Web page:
The rarest of companies: one that counts its history not in years but in centuries. For D’Addario, started in 1600s Italy making strings from sheep gut and transplanted to New York in the early 20th century, that means combining an old-world sense of craftsmanship with a new-world sense of adventure. Over the last 50 years, with a number of acquired brands added to its stable, D’Addario gained significant market share for accessories for guitars, percussion, wind instruments, orchestral instruments and more. Yet its brand recognition beyond the strings category was not significant, and those brands (including Evans, ProMark and Rico) were not always publicly linked to the innovative and pioneering equities of the D’Addario brand. As any musician knows, it’s hard but necessary work to turn a cacophony of competing sounds into a smoothly functioning symphony. When D’Addario recognized the need for a brand conductor, they turned to VSA Partners.
VSA’s work with D’Addario began with a summit held in 2012, where the pair worked to identify the essence of the company’s brand. Together, they identified five core values: the spark of creativity within the engineering of products; the passion for the art of making music; the cultural diversity of products and people, best reflected in their New York home; the thrill of music itself; and the company culture of respect and care. These values coalesced in a simple and direct brand purpose: inspiring performance.
VSA’s Partner and Client Engagement Lead Jonathan Turitz led the summit. “We worked closely with D’Addario for months to uncover what drove them, beyond a pure love of music reflected in everything they created,” he said. “Being musicians, they seek perfection from tools they themselves would be proud to use; that kind of quest inspires customers—and themselves—to continue a legacy of innovation. And as a family-run company, D’Addario knew the more they treat customers as family, the more success they’ll find.” The brand book that resulted from the summit had surprising results, as Turitz noted. “D’Addario has been unwavering in their commitment to the principles we outlined there. Every decision they make is informed and guided by the book. It’s been quite impressive to witness.”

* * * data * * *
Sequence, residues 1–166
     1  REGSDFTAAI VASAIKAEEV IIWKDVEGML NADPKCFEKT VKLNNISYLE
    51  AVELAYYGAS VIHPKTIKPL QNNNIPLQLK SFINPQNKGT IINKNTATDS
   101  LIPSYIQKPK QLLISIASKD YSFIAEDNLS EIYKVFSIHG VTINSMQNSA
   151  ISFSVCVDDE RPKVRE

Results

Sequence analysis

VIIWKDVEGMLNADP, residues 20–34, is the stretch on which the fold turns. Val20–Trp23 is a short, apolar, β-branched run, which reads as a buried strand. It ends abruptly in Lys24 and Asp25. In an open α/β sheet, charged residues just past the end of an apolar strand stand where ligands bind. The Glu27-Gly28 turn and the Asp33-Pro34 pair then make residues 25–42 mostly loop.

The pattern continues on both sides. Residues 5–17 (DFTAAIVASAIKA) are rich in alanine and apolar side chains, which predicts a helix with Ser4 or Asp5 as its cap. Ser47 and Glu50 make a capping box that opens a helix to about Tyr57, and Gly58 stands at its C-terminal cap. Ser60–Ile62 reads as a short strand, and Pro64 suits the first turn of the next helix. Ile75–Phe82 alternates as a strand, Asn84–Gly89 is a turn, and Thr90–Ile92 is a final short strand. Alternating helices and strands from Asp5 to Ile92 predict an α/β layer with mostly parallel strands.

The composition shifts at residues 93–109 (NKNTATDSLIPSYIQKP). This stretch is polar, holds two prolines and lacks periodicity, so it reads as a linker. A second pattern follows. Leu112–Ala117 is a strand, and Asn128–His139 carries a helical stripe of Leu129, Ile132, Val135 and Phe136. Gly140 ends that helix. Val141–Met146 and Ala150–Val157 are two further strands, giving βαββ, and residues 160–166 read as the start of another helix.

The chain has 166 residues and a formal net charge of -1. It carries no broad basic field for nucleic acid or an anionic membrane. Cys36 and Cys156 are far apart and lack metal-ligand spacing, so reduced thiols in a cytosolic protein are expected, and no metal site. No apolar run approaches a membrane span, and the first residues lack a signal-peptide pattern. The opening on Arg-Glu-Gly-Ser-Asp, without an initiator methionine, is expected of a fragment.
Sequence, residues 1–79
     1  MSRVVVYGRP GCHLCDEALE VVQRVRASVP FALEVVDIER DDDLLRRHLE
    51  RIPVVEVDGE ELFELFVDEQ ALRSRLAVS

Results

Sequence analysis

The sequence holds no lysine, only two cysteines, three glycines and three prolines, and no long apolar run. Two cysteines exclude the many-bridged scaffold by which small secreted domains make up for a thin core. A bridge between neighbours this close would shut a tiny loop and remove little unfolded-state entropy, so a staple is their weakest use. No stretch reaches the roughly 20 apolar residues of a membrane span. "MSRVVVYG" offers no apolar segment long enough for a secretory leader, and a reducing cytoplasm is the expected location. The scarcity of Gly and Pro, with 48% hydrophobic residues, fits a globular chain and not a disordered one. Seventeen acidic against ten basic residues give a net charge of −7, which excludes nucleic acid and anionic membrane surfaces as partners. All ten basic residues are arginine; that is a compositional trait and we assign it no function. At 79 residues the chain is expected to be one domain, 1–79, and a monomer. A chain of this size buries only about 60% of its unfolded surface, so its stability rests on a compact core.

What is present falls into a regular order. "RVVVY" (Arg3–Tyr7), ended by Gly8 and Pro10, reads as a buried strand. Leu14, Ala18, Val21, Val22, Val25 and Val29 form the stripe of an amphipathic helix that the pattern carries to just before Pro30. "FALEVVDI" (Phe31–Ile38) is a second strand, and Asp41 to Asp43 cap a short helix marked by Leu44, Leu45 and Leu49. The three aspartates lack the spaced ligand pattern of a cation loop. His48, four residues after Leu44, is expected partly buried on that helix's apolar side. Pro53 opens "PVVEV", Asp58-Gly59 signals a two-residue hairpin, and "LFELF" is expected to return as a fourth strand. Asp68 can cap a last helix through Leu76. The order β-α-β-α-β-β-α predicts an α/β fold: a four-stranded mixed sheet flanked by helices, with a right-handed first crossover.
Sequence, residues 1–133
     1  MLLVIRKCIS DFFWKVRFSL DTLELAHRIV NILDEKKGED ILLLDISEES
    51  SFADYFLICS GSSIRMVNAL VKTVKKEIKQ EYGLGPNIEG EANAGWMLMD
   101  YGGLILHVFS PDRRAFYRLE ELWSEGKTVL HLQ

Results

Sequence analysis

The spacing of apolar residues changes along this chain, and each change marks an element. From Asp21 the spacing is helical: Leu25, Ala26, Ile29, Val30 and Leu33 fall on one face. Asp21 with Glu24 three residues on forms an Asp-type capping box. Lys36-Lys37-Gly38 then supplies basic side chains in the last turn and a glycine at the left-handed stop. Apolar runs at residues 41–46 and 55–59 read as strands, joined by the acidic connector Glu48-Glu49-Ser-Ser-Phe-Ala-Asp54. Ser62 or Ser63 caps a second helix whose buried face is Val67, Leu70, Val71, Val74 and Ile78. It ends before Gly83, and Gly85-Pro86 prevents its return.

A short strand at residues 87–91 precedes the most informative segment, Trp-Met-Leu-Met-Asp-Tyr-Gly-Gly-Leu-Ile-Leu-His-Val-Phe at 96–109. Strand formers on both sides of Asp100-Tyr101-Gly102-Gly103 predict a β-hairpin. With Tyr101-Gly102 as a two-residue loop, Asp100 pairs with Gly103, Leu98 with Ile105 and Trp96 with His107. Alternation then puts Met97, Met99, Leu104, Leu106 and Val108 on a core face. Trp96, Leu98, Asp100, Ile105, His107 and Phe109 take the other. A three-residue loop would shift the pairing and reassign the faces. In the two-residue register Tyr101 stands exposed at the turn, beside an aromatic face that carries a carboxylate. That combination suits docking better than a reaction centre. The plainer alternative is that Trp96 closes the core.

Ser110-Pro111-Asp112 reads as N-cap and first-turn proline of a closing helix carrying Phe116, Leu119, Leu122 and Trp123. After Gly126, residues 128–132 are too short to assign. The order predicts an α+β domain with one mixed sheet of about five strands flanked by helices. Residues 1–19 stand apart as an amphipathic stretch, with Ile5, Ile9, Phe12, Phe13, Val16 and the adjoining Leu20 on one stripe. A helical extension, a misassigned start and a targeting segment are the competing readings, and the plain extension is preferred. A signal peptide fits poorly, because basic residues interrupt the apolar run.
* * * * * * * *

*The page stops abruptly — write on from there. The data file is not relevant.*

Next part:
D’Addario’s new logo evolved out of the summit as well, as a stamp of quality and familiarity needed for a massive number of products and diverse range of music types. “The versatile nature required of the logo meant that we had to give it a timeless look,” said Associate Partner and Executive Creative Director Thom Wolfe, who led the rebranding. VSA chose a classic typeface for the mark, while the monogram D had its roots in six-string guitars (as well as the company’s six businesses joining to form one.) “The logo was one more step in making sure D’Addario achieved its well-deserved iconic status,” added Wolfe.
“The most important lesson we learned from the process was that we were running six brands all in different ways,” said D’Addario CEO Jim D’Addario. “There was no uniform brand purpose and we weren’t getting or taking credit for the many great things the company has done and continues to do. By realizing that our pioneering and innovating was what got us to where we are now, it was easy to start making better business decisions.”